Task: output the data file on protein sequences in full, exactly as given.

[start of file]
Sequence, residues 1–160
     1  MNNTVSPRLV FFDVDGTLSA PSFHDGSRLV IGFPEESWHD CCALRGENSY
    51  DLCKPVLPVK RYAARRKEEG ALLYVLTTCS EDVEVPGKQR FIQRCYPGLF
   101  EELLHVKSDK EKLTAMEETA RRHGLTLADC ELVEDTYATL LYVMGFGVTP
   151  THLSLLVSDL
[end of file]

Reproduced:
Sequence, residues 1–160
     1  MNNTVSPRLV FFDVDGTLSA PSFHDGSRLV IGFPEESWHD CCALRGENSY
    51  DLCKPVLPVK RYAARRKEEG ALLYVLTTCS EDVEVPGKQR FIQRCYPGLF
   101  EELLHVKSDK EKLTAMEETA RRHGLTLADC ELVEDTYATL LYVMGFGVTP
   151  THLSLLVSDL